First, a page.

WASHINGTON (Reuters) - U.S. military personnel rammed into the gate of a medical aid group’s hospital in Afghanistan last week to enter the grounds of the building hit in a U.S. air strike earlier this month, a Pentagon spokesman said on Monday.
Medecins Sans Frontieres, or Doctors Without Borders, said in a statement on Friday that a U.S. tank had entered the grounds of its hospital in Kunduz without permission, damaging the compound, destroying potential evidence, and distressing its staff.
Department of Defense spokesman Captain Jeff Davis said on Monday that the vehicle in question was not a U.S. tank, but rather an Afghan tracked vehicle transporting a U.S. team on Oct. 15 to conduct an inspection to determine the structural integrity of the building.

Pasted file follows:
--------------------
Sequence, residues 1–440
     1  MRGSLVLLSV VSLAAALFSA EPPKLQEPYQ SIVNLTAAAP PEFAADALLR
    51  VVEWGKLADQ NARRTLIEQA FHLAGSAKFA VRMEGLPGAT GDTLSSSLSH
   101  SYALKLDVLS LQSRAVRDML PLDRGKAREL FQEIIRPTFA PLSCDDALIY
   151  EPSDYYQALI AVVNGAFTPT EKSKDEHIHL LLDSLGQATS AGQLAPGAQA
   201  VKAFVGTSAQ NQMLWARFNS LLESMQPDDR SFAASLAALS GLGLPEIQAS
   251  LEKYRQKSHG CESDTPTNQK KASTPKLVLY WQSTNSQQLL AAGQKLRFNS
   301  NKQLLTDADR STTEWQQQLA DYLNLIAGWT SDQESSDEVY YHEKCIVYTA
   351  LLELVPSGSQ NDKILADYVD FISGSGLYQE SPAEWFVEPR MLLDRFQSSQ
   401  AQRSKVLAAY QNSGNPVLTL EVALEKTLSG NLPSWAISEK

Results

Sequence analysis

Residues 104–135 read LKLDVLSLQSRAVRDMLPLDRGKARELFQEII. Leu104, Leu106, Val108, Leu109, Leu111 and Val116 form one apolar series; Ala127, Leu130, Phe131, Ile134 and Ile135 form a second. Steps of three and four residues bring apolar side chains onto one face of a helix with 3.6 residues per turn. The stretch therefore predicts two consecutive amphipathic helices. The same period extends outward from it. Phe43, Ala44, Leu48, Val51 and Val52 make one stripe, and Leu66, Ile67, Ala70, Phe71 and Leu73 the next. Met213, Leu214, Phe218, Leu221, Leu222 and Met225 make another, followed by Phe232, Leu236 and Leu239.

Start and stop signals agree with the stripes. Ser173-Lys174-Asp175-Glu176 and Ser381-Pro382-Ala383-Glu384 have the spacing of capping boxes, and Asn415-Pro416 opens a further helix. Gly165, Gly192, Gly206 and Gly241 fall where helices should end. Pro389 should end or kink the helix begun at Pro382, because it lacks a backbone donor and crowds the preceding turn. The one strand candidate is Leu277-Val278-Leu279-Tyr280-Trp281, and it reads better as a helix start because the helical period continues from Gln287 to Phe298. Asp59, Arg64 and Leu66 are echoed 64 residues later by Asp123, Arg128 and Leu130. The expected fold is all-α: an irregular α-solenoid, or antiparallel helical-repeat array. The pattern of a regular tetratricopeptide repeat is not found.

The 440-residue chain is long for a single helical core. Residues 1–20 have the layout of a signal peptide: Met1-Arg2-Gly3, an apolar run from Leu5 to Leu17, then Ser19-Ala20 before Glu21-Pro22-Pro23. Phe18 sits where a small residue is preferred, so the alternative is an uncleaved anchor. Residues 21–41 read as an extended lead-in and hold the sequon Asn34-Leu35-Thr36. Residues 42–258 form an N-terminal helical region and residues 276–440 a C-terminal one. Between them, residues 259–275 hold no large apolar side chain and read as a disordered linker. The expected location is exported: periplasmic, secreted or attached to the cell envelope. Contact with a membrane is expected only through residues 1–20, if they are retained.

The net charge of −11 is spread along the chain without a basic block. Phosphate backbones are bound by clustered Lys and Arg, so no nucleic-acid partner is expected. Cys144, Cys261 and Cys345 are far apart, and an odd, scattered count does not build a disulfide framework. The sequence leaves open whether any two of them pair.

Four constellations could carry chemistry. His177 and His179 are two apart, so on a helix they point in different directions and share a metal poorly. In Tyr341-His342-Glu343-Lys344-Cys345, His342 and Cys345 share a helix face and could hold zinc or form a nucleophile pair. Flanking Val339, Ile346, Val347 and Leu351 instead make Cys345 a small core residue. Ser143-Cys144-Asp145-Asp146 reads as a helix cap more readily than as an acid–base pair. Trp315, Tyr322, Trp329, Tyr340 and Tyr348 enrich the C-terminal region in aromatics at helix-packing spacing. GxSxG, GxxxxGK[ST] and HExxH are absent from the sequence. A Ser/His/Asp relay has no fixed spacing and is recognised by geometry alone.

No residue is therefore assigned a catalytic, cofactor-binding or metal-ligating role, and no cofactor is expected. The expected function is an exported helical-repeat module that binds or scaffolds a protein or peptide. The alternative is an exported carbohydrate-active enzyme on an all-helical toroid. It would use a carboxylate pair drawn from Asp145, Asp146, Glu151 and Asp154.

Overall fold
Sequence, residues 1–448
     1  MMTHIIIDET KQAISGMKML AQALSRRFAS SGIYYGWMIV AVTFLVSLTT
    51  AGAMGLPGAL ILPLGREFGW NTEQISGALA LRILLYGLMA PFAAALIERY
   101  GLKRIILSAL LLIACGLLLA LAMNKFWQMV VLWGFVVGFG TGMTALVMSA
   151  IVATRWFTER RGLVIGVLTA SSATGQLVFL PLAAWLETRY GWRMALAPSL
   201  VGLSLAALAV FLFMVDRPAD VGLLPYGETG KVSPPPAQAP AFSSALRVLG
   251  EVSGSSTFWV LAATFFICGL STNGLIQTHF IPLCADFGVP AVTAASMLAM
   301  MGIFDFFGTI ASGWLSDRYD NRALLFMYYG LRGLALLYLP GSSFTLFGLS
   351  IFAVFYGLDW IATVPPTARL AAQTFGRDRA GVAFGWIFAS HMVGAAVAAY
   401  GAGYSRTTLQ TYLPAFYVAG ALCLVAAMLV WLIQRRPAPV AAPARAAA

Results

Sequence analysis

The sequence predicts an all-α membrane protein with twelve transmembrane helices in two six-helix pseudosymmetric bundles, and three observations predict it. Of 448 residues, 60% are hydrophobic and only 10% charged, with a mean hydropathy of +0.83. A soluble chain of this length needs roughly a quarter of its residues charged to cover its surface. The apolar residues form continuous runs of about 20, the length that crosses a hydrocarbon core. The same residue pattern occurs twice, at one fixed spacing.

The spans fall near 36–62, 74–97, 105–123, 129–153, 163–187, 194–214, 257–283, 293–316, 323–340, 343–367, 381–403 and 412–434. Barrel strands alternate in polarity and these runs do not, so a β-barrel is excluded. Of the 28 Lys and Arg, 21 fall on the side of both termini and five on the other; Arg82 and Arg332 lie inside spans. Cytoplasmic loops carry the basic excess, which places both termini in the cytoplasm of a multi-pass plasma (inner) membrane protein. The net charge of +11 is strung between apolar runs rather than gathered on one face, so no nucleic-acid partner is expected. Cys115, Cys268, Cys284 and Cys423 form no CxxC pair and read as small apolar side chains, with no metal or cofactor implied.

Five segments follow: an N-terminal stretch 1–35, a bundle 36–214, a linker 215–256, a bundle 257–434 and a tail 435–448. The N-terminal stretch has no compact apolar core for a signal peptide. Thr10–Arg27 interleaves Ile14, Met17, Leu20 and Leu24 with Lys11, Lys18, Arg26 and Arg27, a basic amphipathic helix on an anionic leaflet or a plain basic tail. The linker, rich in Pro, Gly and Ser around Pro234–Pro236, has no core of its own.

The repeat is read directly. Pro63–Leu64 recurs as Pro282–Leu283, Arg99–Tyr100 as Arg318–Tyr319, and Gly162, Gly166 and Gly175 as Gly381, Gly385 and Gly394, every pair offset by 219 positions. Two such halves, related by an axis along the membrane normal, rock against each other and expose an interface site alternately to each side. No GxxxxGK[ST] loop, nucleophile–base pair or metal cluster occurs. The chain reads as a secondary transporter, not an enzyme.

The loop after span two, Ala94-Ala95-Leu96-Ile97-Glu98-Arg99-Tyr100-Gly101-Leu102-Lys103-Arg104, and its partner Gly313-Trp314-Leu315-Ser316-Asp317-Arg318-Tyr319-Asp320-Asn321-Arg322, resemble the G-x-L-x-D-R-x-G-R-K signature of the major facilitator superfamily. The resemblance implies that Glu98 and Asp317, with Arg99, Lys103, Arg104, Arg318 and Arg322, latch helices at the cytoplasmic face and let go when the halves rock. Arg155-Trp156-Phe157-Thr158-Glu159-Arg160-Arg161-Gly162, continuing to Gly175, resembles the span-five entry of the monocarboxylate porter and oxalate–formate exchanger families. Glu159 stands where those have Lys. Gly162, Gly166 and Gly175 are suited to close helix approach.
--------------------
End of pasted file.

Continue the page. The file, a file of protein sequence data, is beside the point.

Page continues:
The team mistakenly believed there were no MSF personnel at the site, and rammed into the gate to gain access to the compound, Davis said.
“Unbeknownst to our team there were MSF personnel and they were understandably not happy,” Davis said. “They should have coordinated ahead of time and they are going to make it right and make sure that that gate is repaired.”
An Oct. 3 air strike on the MSF hospital killed at least 22 staff and patients. The U.S. military has taken responsibility for the air strike, which occurred during intense fighting between Afghan forces and the Taliban.
The Islamist militants had briefly taken control of Kunduz city, in their biggest military victory in 14 years of war.
MSF officials have said the hospital’s location had been clearly indicated to all parties, and that no Taliban fighters were occupying the site, as some Afghan government officials initially stated.
Reporting by Yeganeh Torbati; Editing by Tom Brown